'Dear White People' (R)

Justin Simien’s Dear White People has made a big splash since hitting the festival circuit earlier this year. Even though racial polarization has been in the news, it’s not something that movies have had the nerve to touch.

In that sense, Dear White People is invaluable, giving voice to black frustrations with white assumptions and questions of privilege and victimhood. But writer/director Simien, making his feature debut, has such a heavy hand and static style that the message is blunted.

Set at a fictional Ivy League campus, the story revolves around the outrage sparked by a hip-hop-themed party thrown by a group of white students. Between the blackface and fake Afro wigs, the event turns into a powder keg.

Dealing with the situation in different ways are campus activist Sam (Tessa Thompson) and her white boyfriend Gabe (Justin Dobies); fame-hungry Coco (Teyonah Parris, Mad Men); conflicted gay student Lionel (Tyler James Williams) who’s not accepted by black or white students; ambitious and political Troy (Brandon P. Bell), whose dad (Dennis Haysbert) is a dean; and stubborn party-thrower Kurt (Kyle Gallner) whose dad is the school president.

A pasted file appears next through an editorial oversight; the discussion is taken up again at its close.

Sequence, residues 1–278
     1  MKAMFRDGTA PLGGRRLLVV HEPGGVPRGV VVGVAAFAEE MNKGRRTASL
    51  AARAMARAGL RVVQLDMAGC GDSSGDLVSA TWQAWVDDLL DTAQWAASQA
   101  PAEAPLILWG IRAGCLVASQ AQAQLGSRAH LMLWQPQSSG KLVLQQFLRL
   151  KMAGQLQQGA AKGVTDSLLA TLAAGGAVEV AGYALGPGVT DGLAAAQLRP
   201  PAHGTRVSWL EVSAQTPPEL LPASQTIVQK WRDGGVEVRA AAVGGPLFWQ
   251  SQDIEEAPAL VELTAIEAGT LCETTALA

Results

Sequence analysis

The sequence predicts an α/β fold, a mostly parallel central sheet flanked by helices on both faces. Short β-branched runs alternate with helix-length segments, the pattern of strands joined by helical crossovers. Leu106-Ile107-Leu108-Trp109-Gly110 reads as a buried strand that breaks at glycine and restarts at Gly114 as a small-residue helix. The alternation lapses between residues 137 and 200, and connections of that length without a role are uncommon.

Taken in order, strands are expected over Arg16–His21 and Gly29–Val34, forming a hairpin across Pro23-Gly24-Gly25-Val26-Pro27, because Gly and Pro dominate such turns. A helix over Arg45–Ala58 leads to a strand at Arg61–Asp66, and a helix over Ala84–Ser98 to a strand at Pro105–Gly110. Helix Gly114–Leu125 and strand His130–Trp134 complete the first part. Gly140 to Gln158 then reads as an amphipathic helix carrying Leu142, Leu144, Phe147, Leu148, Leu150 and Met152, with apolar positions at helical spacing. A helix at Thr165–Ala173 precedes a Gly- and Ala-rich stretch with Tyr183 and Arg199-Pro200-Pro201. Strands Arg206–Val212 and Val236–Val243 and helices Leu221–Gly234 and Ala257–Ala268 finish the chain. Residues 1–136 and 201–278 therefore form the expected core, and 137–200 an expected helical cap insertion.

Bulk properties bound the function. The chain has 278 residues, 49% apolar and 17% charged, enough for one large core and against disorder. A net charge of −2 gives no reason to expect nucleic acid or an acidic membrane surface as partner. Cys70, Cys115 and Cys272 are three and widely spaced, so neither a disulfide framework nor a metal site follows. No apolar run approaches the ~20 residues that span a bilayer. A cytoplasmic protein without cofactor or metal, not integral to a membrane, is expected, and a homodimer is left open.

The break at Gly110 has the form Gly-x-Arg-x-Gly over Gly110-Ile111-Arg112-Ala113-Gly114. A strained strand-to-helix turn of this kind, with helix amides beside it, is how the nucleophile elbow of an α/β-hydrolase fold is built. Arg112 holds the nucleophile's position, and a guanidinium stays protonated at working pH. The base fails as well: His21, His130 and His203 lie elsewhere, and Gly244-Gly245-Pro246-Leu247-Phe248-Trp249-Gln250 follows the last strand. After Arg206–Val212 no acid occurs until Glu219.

Modulating between ensemble drama and comedy, Dear White People shifts often shifts in tone, making it feel at times like two movies. at times. The best moments — as in the fantasy satirical sequence where a group of black students question a befuddled box-office worker about black stereotypes in film — get to the heart of Simien’s thesis that what is supposed to be post-racial America isn’t all that much different from what came before.

But the variable acting, the padded story and the 100-minute running time work against it. Here’s hoping, though, that now that Simien has thrown down the gauntlet, others won’t be afraid to pick it up.

Cast: Tyler James Williams, Tessa Thompson, Kyle Gallner, Teyonah Parris, Brandon P. Bell.

Writer-director: Justin Simien.

A Lionsgate/Roadside Attractions release. Running time: 100 minutes. Vulgar language, sexual content, drug use. Playing at area theaters.